[VPN] Re: Cisco VPN for remote users - Pix 515
Dana J. Dawson
Dana.Dawson at qwest.com
Mon Jun 13 16:32:08 EDT 2005
I think your understanding is correct and that your plan should
work, And yes, I think it's usually better to configure your dynamic
vpn client address pool from a unique subnet rather than taking it
from the subnet to which the inside interface connects, but because
the PIX won't do redirects there can be situations where it's best to
use the connected subnet. The usual situation where this is the case
is if there are other routers on that connected network that provide
connectivity to other parts of your network and you have servers that
are configured with just a default gateway. If those servers specify
the PIX as the gateway in hopes that the PIX will also redirect
traffic to those other routers for access to the rest of your
network, that's a problem. You could change the default gateway in
the servers to be one of those other routers and depend on it to do
the redirecting, but sometimes even that's not an appealing option
and the static arp entries with the "alias" keyword is the cleaner
solution. If you think you might need this have questions let me know.
For your reference here are two links to pages at Cisco that I find
useful. The first is to a list of various IPSec sample
configurations for various different products and topologies
(including VPN configurations between Cisco and other vendors'
products). It's not organized as nicely as it could be, but doing a
search within the page for the appropriate keyword ("PIX" in this
case) is frequently helpful:
The other link is from the above page and is a pretty good sample
config for a PIX terminating the "Unity" VPN client (as compared to
the old IRE-based "Cisco Secure" client, which is no longer
available). One thing I usually add which typically doesn't appear
in Cisco's sample PIX configs is the "isakmp nat-traversal 20"
command. This enables the "NAT-T" feature that detects NAT and
encapsulates the ESP traffic in UDP/4500 headers if necessary so that
intermediate NAT devices are less likely to cause trouble. It's a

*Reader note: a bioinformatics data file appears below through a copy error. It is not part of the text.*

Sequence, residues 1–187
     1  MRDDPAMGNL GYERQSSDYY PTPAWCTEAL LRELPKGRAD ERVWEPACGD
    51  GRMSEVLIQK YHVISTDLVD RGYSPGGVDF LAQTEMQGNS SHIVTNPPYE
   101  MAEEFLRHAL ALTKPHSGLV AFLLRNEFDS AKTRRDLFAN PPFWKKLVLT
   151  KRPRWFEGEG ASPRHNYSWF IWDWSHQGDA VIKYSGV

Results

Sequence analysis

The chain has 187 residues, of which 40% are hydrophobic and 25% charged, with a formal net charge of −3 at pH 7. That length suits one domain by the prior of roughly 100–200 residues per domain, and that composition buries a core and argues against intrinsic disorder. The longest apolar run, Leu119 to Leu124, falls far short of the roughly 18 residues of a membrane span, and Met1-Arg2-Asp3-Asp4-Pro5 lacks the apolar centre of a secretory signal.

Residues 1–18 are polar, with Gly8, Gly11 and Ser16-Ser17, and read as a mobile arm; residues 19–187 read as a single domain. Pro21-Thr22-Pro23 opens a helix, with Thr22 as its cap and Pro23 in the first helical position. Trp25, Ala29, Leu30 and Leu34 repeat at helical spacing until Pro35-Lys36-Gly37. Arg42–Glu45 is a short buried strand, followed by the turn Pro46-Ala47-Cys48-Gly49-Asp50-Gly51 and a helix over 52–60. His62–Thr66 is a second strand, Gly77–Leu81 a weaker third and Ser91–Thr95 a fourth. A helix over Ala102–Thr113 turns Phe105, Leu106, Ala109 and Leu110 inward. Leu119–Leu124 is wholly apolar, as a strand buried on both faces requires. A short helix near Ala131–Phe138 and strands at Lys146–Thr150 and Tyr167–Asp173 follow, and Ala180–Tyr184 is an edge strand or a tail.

very useful command for both VPN client and site-to-site VPN
connections and should be on by default in the PIX in my opinion (it
is on by default in the newer versions of IOS - go figure).
The other feature this sample doesn't show is xauth user
authentication. In 6.3 Cisco added local authentication capability
for VPN clients, which is a useful feature for small-scale
deployments. If you have a lot of users, you'll probably want to use
an external AAA server (RADIUS or TACACS+). The command for enabling
crypto map mymap client authentication LOCAL
I've used the same name for the crypto map as appears in the sample
config below, and have specified the "LOCAL" aaa method. That would
allow you to configure local username/password entries for your
users. You could alternatively define a RADIUS or TACACS+ server
method and reference that instead. If you just use the config from
the sample below, your users will not be prompted for a password when
they initiate a VPN connection to the PIX.
Anyway, here's the URL for the PIX sample:
I think that's everything. Good luck, and let me know if you have
Dana J. Dawson Dana.Dawson at qwest.com
Sr. Staff Engineer CCIE #1937
600 Stinson Blvd., Suite 1S
Minneapolis MN 55413-2620
"Hard is where the money is."
On Jun 13, 2005, at 2:36 PM, Tristan RHODES wrote:
> Thanks for your reply. I appreciate your time and effort.
> I am running Pix 6.3 software so I will probably use the inside
> interface like you said.
> |(d) |
> (a) = 6500 interface VLAN 200 (10.10.200.1/24)
> (b) = Pix "outside" interface (10.10.200.254/24)
> (c) = Pix "inside" interface (10.10.201.254/24)
> (d) = 6500 interface VLAN 201 (10.10.201.1/24)
> I think you are telling me that I should use a third network for
> users... perhaps 10.10.203.0/24.
> If this design is correct, my next step is to setup the VPN and
> correctly. Any hints?
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